It’s time to make the abortion pill available through telehealth
Ta few years ago this month, the Food and Drug Administration approved a drug destined to become known as the abortion pill. Mifepristone, then called RU486, would change everything about abortion – it would expand access and remove stigma.
I remember devouring the news because this little pill would give women reproductive autonomy and allow them to control whether and when they have children. At the time, I was just starting my doctorate. in public health. The news inspired and elated me, and I knew the abortion pill was what I wanted to focus my career on.
Medical abortion is a safe and effective alternative to procedural abortion. This involves taking two prescribed medications, mifepristone followed by misoprostol, to terminate a pregnancy that is no longer than 11 weeks along.
Fast forward to today. Many of the barriers to abortion that existed in September 2000 still exist today. Almost 90% of American countries do not have an abortion provider, and my research has shown that 27 big cities are “abortion deserts” where residents must travel 100 miles or more to reach an abortion provider.
The introduction of the abortion pill didn’t have the effect I hoped for, in part because the FDA put in place a strict set of rules known as risk assessment and mitigation strategy (REMS) on mifepristone. Among these restrictions is the requirement that mifepristone be dispensed in a clinic, doctor’s office or hospital, effectively prohibiting clinicians from prescribing it during a telehealth visit. In addition to these FDA restrictions, 19 states specifically prohibit the provision of the abortion pill via telehealth for purely political reasons.
As a public health scientist and abortion safety expert, I know these restrictions are outdated and medically unnecessary. Over the past 20 years, nearly 4 million pregnant women in the United States have used these two drugs to terminate their pregnancies. In a study that my colleagues and I conducted among more than 11,000 people who have had medical abortions, the rate of safety was more than 99%.
No matter where patients get the pills, they will almost certainly take them at home. In other words, receiving a prescribed pill in person by a doctor at a clinic rather than getting it from a pharmacy or in the mail makes it more or less likely that a patient will need emergency care. .
Medical abortion is easily administered via telehealth. In the context of Covid-19, social distancing and increasingly scarce medical services make it essential that state and federal governments set aside policy to allow patients to access abortion care through telehealth, instead of trying to further restrict abortion care.
The abortion restrictions that were in place before Covid-19 mean that some states have only one abortion provider and if that provider – or clinic staff – needs to self-quarantine, patients have even fewer options. For many patients, delaying an abortion may mean not having one at all. In the midst of a pandemic, these restrictions put lives at risk as patients still have to travel long distances to get to a clinic.
In July, a federal judge ruled that the in-person requirements for medical abortion are a significant obstacle during the pandemic and are unconstitutional. In states where the practice is not specifically prohibited, a clinician can now prescribe the abortion pill via telehealth and drugs can be delivered by mail, but only temporarily.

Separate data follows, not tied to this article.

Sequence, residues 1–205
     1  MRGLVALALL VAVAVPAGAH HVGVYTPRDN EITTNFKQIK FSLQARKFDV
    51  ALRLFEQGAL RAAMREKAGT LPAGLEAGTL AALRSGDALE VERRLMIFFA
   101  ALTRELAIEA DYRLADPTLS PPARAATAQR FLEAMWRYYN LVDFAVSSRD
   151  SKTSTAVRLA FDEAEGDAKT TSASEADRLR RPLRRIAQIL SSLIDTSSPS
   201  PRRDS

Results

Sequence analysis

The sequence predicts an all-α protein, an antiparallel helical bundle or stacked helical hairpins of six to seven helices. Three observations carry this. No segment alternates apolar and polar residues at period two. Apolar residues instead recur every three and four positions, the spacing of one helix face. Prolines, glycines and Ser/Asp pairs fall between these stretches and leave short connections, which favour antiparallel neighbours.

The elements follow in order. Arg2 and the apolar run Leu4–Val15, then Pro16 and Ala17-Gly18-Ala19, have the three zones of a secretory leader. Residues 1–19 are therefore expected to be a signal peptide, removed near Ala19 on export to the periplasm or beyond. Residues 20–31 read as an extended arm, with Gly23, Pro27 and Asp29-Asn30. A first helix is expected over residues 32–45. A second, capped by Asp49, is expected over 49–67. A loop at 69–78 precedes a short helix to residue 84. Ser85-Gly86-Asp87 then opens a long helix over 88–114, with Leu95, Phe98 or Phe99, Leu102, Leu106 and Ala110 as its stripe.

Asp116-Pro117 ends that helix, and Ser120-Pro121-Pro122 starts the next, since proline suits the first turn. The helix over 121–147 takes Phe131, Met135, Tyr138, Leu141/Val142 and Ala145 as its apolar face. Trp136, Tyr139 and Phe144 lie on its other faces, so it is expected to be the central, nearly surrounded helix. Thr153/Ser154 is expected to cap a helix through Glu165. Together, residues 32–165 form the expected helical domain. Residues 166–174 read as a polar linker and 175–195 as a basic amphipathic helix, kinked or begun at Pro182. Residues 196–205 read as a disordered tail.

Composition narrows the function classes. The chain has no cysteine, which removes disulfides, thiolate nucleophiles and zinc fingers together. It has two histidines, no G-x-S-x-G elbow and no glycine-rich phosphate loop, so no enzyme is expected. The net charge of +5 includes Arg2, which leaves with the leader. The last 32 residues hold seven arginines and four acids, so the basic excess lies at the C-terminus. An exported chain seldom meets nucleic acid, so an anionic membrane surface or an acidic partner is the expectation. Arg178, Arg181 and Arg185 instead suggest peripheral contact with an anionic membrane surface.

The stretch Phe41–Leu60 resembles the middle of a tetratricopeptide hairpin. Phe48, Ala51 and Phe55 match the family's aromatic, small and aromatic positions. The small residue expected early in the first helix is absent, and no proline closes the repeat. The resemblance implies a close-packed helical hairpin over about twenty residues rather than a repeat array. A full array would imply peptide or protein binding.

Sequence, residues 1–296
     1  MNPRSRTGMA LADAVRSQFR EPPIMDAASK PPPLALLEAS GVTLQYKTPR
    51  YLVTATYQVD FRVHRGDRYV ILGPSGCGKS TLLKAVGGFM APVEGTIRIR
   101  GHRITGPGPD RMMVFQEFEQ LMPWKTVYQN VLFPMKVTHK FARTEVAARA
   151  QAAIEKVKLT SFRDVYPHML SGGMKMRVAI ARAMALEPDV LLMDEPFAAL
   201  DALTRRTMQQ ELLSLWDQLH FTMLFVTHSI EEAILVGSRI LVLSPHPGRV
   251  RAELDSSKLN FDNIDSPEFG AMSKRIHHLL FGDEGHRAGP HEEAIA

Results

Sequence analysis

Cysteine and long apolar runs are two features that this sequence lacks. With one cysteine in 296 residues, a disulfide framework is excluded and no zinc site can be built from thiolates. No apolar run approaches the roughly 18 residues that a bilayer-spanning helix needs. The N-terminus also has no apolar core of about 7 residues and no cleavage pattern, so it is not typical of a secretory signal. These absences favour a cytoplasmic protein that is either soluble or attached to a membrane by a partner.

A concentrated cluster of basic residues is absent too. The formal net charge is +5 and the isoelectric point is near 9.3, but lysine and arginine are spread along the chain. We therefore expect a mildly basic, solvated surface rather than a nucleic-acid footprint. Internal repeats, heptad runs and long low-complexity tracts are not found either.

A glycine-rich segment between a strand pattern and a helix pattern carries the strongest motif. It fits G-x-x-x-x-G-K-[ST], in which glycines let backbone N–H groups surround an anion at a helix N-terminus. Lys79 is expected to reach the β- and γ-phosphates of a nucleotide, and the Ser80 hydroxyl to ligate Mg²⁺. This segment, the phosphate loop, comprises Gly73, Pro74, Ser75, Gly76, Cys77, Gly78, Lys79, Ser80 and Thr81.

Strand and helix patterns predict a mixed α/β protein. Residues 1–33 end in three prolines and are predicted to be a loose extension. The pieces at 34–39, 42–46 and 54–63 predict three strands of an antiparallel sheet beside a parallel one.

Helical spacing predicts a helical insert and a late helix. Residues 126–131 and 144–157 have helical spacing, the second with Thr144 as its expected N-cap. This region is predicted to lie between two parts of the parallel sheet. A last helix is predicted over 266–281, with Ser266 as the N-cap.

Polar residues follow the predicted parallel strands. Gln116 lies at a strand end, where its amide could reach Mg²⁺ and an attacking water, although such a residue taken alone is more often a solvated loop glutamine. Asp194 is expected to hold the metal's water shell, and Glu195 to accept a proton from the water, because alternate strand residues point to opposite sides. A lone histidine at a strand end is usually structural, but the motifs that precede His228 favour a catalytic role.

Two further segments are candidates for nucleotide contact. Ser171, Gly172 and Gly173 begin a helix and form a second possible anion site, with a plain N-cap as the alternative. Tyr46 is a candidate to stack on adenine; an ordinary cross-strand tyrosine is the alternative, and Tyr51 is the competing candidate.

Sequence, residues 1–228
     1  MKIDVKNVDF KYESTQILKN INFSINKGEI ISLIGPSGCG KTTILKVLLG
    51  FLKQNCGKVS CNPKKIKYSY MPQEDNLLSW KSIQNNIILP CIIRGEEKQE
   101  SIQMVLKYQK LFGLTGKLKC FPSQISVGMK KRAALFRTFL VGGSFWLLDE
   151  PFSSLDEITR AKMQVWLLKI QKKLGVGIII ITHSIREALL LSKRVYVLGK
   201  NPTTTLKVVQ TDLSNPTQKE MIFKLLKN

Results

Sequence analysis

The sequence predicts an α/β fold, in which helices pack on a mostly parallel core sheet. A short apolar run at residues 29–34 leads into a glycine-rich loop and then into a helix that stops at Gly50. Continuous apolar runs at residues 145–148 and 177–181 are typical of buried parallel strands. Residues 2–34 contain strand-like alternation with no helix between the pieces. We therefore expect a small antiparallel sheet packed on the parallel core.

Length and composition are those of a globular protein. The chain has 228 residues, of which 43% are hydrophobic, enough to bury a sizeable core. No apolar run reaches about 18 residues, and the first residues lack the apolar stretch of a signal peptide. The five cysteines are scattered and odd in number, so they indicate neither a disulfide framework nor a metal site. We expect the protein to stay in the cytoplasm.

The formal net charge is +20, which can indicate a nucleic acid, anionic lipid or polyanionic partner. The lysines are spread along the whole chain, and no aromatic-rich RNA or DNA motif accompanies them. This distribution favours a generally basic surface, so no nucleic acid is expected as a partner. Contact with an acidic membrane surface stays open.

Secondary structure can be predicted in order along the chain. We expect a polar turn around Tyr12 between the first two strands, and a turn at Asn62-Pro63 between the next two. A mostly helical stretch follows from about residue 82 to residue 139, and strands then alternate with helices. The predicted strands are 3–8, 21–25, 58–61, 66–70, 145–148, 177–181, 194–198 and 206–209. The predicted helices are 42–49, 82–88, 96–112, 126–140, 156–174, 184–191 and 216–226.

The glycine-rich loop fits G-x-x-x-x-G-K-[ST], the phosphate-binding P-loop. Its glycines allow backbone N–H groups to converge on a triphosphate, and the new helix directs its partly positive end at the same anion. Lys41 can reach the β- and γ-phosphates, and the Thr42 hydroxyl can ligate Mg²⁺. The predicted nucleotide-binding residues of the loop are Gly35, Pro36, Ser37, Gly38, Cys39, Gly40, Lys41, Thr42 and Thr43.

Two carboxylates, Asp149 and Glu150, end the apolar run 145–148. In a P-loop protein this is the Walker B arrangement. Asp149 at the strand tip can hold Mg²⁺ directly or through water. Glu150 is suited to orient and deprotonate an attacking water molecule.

This is a step in the right direction, but it is time to definitively lift the medically unwarranted risk assessment and mitigation strategy. Clinic-to-clinic telehealth programs exist in some states, but even so, they require patients to go to a clinic for tests and to get the pills. The only home telehealth program for abortion is a study currently underway in 11 states with FDA approval.
But even with this program, in which patients have a telehealth consultation and can then receive abortion pills in the mail, this model still requires them to get an ultrasound from a clinic to confirm the pregnancy is within gestational time. which can be difficult. under current conditions and is not required for abortion care. Evidence has shown that calculating gestation based on the known date of a patient’s last menstrual period is very accurate for dating pregnancies.
Telehealth for abortion extends access to underserved areas, including rural areas where there are no providers. Telehealth can contribute to patient-centered care by providing an additional choice that meets patients’ needs for convenience and privacy. While telehealth allows for an abortion earlier, it can make abortion safer by moving all medical abortions earlier in the pregnancy.
Ensuring that people can have abortions as soon as possible may not seem urgent in light of the Covid-19 pandemic. But delayed abortion care can prevent people from wanting abortions, radically changing their life trajectories.
It is more urgent than ever that policymakers at the federal and state levels stop blocking access to mifepristone telehealth and start prioritizing science and public safety over politics.
Ushma D. Upadhyay is Associate Professor in the Advancing New Standards in Reproductive Health Program in the Department of Obstetrics, Gynecology and Reproductive Sciences at the University of California at San Francisco, and Director of Research at the Global Health Institute at the University of California. Center of Expertise on Health, Gender and Women’s Empowerment.